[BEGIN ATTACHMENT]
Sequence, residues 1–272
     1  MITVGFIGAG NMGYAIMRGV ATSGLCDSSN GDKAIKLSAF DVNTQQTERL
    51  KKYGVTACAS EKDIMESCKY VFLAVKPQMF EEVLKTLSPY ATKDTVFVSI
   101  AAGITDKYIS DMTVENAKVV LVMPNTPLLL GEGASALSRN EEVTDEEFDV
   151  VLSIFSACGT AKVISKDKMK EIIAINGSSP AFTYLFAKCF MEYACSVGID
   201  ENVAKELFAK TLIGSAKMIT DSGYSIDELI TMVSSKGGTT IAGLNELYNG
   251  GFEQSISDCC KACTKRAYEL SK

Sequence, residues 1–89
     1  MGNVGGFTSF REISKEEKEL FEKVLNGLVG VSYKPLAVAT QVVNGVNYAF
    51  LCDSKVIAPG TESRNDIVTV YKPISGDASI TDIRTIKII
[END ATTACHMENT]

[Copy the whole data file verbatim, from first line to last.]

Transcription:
Sequence, residues 1–272
     1  MITVGFIGAG NMGYAIMRGV ATSGLCDSSN GDKAIKLSAF DVNTQQTERL
    51  KKYGVTACAS EKDIMESCKY VFLAVKPQMF EEVLKTLSPY ATKDTVFVSI
   101  AAGITDKYIS DMTVENAKVV LVMPNTPLLL GEGASALSRN EEVTDEEFDV
   151  VLSIFSACGT AKVISKDKMK EIIAINGSSP AFTYLFAKCF MEYACSVGID
   201  ENVAKELFAK TLIGSAKMIT DSGYSIDELI TMVSSKGGTT IAGLNELYNG
   251  GFEQSISDCC KACTKRAYEL SK

Sequence, residues 1–89
     1  MGNVGGFTSF REISKEEKEL FEKVLNGLVG VSYKPLAVAT QVVNGVNYAF
    51  LCDSKVIAPG TESRNDIVTV YKPISGDASI TDIRTIKII